Have we become a society of rude people? How do the rules of etiquette apply to the smartphone era?
Dos and Don’ts of mobile etiquette.
- Do put your phone away during an important conversation.
- Do schedule some offline time to connect with your family on a daily basis.
- Don’t be sloppy – check your outgoing messages for misspellings and out-of-context mistakes.
- Do remember to turn off your ringer when in a quiet situation.
- Do respect how others want to get ahold of you – check your voicemails!
- Don’t jump on others when they misspell a message composed on their phone. Be nice.
Treat face to face experiences as your most important
What’s the most common etiquette sin committed by smartphones owners? To find out, I asked Mindy Lockard, an etiquette expert and consultant. The most abused mistake is leaving your phone on the table during a meal or meeting.
“It’s a matter of priorities”, Lockard says, “when you have your phone on the table you’re communicating to the person in front of you that they are important, until something more important, whether it’s a text message or a Twitter notification, comes up on your phone.”
The key message here is – it’s not acceptable to have your phone visible during a meeting or shared meal, unless in a rare case where you absolutely can’t miss a call (think expectant Dad waiting to hear from his wife who may go into labor at any second).
According to Lockard, you’re constantly communicating your priorities, even when you think the person doesn’t mind, they likely do.
Etiquette rules haven’t been written, yet.
The smartphone era has drastically changed the rules when it comes to etiquette and customs. Lockard said 10 years ago, there was a curriculum for etiquette for landlines which covered how to leave voicemails, customs on calling people back and so forth. Today, with mobile phones, these rules are foreign and don’t apply.
For example, it’s considered rude in some circles to call someone on their mobile phone, without first asking permission or arranging a call time prior. The ‘norm’ nowadays is to use email or text messaging to ask when a good time to ring your friends’ phone.
I then asked Lockard about voicemail. She laughed and said voicemail is the one technology that bridges the traditional phones and newer mobile based communications. ”It’s important to return voicemails!”, even if you’re not a fan of checking your messages.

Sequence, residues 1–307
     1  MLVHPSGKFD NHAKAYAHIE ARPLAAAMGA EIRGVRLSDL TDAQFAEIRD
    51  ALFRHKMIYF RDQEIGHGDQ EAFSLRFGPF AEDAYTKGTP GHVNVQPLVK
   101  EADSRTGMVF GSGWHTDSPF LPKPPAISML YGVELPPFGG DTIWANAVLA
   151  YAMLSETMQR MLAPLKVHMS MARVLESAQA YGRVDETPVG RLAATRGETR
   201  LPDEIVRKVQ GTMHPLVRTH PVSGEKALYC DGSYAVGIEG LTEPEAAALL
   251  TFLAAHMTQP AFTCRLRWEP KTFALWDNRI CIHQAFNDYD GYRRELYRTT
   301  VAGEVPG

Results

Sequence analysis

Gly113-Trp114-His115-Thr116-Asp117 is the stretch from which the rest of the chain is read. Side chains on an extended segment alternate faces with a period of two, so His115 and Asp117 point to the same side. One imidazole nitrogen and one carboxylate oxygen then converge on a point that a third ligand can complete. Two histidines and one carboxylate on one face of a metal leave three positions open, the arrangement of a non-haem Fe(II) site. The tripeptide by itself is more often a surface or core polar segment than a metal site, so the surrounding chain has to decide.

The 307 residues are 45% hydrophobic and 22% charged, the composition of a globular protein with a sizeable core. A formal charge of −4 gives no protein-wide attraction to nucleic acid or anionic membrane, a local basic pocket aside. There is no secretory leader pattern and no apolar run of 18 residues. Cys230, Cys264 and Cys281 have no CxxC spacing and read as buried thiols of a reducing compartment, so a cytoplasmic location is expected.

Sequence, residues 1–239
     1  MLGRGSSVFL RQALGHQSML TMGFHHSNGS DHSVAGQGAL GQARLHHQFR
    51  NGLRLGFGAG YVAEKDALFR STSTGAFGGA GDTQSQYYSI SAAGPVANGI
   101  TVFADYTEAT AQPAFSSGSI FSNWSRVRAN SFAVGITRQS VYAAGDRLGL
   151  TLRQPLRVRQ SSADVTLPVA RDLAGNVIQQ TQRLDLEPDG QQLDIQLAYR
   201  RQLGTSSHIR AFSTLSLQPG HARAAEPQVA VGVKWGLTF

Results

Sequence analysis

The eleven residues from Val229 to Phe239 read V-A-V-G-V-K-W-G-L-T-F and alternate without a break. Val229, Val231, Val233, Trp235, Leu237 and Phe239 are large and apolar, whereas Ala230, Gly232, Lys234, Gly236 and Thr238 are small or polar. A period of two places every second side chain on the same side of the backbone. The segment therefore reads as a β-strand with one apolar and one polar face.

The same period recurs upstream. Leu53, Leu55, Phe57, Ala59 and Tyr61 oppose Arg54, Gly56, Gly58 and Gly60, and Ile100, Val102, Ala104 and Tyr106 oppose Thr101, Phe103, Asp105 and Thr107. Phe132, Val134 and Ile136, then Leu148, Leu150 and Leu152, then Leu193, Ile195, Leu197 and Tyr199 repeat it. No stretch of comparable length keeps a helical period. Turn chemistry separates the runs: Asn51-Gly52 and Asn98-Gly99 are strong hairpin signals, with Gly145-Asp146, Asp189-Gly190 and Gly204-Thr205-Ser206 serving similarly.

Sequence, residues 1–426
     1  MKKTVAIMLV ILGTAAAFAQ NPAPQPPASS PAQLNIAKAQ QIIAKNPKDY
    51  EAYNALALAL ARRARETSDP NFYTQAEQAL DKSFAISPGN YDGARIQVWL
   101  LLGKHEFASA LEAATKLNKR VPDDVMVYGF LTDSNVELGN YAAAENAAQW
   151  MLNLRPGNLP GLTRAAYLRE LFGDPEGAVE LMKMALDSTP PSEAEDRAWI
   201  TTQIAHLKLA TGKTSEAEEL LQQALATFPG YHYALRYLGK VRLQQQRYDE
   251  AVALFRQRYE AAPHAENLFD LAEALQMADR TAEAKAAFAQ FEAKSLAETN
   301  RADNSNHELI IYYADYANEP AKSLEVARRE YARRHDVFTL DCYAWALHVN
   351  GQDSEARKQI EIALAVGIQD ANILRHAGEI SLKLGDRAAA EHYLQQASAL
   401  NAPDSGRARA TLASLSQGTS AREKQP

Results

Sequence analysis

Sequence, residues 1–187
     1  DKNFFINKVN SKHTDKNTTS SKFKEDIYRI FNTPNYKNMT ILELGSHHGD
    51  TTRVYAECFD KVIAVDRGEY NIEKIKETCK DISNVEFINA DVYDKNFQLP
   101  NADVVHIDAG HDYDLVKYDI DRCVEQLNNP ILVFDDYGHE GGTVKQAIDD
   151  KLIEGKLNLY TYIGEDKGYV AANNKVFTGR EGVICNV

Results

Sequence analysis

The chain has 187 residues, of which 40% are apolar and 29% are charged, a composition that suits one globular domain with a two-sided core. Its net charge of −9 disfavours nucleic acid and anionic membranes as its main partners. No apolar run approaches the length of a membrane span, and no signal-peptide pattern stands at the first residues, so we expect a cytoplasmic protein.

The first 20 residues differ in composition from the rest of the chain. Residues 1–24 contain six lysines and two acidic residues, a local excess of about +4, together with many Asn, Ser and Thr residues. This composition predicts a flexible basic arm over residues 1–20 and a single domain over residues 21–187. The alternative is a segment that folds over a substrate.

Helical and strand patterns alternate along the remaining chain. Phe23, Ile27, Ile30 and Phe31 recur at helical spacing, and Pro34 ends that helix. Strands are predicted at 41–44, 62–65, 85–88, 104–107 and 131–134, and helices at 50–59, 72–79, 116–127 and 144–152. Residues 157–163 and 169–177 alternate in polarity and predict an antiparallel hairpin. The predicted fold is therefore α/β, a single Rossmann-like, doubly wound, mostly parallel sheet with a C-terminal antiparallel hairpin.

Lockard went on to say that it’s a matter of generational differences. Older people tend to leave voicemails and young people are more likely to text. It’s important to respect how people want to communicate with you. In regards to etiquette, try to return a voicemail within 24 hours of receiving it.
We’re all victims of autocorrect!
With touch-typing and autocorrect, the intent is to help us finish our words more quickly. Algorithms guess what we’re trying to say. However, we all make mistakes. What are we supposed to do when we send a message that sounds odd or contains mistakes?
What are you supposed to do when you fall victim to autocorrect? If you’re concerned about your personal brand, Lockard recommends sending a quick apology message to help fix the mistake.
This is especially important in situations where our professional and personal contact mix on our phones. You may send a message to a co-worker or manager that’s completely off and can be taken wrong. We must always be aware of how we’re portraying themselves.
And lastly, Lockard says, “A quick proof-read of your outgoing messages can save you a lot of trouble in the end”.
On the flip side, what happens when you notice a misspelling from a friend or colleague. Do you tease them and point it out? No! It’s best to be kinds and gracious to people.
Remember when your Mom used to say “if you don’t have anything nice to say, don’t say anything at all”? That rule applies in the smartphone world and on social media today.
Careful when uploading photos online
With amazing cameras in our pocket, we’ve become a nation of uploaders. We love snapping photos and instantly uploading them to Facebook or Twitter. However, what happens when others are in your photos? This is even more applicable with taking photos of children.
“It’s not ok to assume the right to tell someone else’s story”, says Lockard. With photo tagging on Facebook and other ways of identifying faces in photos, be careful when uploading photos that include others. If you’re following etiquette best practices, ask those you’re around if it’s ok to Facebook photos you take. It’s a nice expression of respect to them.